Then on January 7, 2005, Jalloh was taken into custody in the eastern city of Dessau after allegedly harassing two women while under the influence of drugs and alcohol. Hours later, the charred remains of Jalloh's body were found in the cell where he was being held. His wrists and ankles had been attached to the mattress on which he lay. Tests conducted at the time concluded that there were high amounts of alcohol and cocaine in his body.
Police said Jalloh had taken his own life by igniting his mattress with a lighter. Questions arosef about why the fire was not discovered by police and why the fire alarm had been ignored or disengaged. It was also unclear where Jalloh had acquired the lighter and police were unable to immediately produce the lighter as evidence.
In 2012, the German Federal Court of Justice fined one of the police officers present €10,800 ($12,040) for involuntary manslaughter and said that negligence had contributed to Jalloh's death. In its decision, the court pointed to the original investigation, which noted that Jalloh had set fire the mattress himself.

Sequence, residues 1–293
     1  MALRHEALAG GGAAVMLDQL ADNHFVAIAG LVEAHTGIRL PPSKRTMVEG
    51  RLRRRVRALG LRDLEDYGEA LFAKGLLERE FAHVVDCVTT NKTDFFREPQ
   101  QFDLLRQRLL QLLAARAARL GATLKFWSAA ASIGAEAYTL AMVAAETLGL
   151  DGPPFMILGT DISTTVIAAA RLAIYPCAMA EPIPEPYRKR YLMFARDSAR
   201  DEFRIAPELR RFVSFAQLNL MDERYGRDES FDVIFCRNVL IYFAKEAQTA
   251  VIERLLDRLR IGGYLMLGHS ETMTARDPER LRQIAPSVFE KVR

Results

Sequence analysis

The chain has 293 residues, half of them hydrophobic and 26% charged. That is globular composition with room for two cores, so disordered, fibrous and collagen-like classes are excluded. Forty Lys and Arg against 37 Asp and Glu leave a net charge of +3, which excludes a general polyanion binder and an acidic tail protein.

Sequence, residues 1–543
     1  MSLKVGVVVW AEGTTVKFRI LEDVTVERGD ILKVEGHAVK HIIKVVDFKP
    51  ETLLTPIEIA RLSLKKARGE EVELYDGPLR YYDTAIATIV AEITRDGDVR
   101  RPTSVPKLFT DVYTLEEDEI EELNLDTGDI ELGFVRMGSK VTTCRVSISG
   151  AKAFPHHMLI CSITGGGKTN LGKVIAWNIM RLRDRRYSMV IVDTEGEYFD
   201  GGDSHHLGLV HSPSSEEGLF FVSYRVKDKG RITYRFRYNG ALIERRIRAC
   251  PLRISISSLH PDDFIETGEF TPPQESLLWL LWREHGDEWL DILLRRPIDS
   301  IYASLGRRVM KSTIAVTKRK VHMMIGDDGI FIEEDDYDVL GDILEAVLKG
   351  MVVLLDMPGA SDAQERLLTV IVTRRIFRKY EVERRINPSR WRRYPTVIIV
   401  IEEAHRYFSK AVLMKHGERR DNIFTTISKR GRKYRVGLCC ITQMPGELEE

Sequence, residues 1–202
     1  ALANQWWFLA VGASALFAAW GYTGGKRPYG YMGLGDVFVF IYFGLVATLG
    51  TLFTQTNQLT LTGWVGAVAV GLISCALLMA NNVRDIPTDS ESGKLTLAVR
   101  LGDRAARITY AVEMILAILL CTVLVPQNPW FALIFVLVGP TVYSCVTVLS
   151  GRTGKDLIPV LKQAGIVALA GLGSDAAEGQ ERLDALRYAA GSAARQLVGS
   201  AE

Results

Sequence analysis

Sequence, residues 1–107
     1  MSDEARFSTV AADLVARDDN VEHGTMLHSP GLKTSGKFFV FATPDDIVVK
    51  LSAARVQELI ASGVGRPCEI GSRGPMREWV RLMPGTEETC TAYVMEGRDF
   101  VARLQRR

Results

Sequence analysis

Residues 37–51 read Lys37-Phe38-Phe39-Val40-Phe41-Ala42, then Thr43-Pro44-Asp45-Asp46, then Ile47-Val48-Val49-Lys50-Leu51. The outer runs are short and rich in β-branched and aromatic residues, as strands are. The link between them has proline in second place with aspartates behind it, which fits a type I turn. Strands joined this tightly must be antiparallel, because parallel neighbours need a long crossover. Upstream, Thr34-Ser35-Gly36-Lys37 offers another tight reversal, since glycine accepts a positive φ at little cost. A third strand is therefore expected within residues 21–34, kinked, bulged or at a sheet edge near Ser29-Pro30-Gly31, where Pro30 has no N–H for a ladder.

New report: 'bones fractured'
That is the series of events that led to the fresh lawsuit, initiated at a regional level in Naumburg in November 2018.
"The prosecutors said he sustained the injuries after he died," Nadine Saeed, a spokeswoman for IGOJ, told DW. "That is simply wrong."
She, along with the members of IGOJ, believe that the new report shows that Jalloh suffered injuries at the hands of police officers. Doctors from a clinic at the Goethe University in Frankfurt examined radiological images of Jalloh's body and conducted a second autopsy.
It was already known that Jalloh's nasal bone was broken when his body burned, but the new medical report shows that he had a broken rib and fractures to his septum and the base of his skull.
Dr. Boris Bodelle, who led the autopsy, stated in the report that it is extremely unlikely that Jalloh could have inflicted these injuries on himself or that an accident, such as a fall, could have caused them. However, it is difficult to say whether these injuries were the cause of his death.